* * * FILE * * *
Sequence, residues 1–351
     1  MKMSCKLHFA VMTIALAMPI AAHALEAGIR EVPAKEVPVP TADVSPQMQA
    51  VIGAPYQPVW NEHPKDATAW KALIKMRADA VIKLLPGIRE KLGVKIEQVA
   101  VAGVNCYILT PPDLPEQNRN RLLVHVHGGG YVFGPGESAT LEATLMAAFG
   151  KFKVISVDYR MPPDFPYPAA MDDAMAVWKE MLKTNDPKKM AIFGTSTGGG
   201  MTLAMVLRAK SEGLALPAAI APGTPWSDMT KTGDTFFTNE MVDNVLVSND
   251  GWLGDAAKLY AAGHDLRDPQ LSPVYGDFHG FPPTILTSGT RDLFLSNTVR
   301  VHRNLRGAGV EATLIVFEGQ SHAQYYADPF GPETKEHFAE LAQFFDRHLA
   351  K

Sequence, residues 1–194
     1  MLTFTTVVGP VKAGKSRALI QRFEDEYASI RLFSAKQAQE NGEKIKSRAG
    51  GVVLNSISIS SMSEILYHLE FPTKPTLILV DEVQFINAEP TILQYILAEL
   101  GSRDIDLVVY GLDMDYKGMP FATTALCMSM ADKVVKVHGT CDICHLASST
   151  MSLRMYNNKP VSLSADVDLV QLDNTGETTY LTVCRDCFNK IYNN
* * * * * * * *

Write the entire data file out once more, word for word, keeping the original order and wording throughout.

Sequence, residues 1–351
     1  MKMSCKLHFA VMTIALAMPI AAHALEAGIR EVPAKEVPVP TADVSPQMQA
    51  VIGAPYQPVW NEHPKDATAW KALIKMRADA VIKLLPGIRE KLGVKIEQVA
   101  VAGVNCYILT PPDLPEQNRN RLLVHVHGGG YVFGPGESAT LEATLMAAFG
   151  KFKVISVDYR MPPDFPYPAA MDDAMAVWKE MLKTNDPKKM AIFGTSTGGG
   201  MTLAMVLRAK SEGLALPAAI APGTPWSDMT KTGDTFFTNE MVDNVLVSND
   251  GWLGDAAKLY AAGHDLRDPQ LSPVYGDFHG FPPTILTSGT RDLFLSNTVR
   301  VHRNLRGAGV EATLIVFEGQ SHAQYYADPF GPETKEHFAE LAQFFDRHLA
   351  K

Sequence, residues 1–194
     1  MLTFTTVVGP VKAGKSRALI QRFEDEYASI RLFSAKQAQE NGEKIKSRAG
    51  GVVLNSISIS SMSEILYHLE FPTKPTLILV DEVQFINAEP TILQYILAEL
   101  GSRDIDLVVY GLDMDYKGMP FATTALCMSM ADKVVKVHGT CDICHLASST
   151  MSLRMYNNKP VSLSADVDLV QLDNTGETTY LTVCRDCFNK IYNN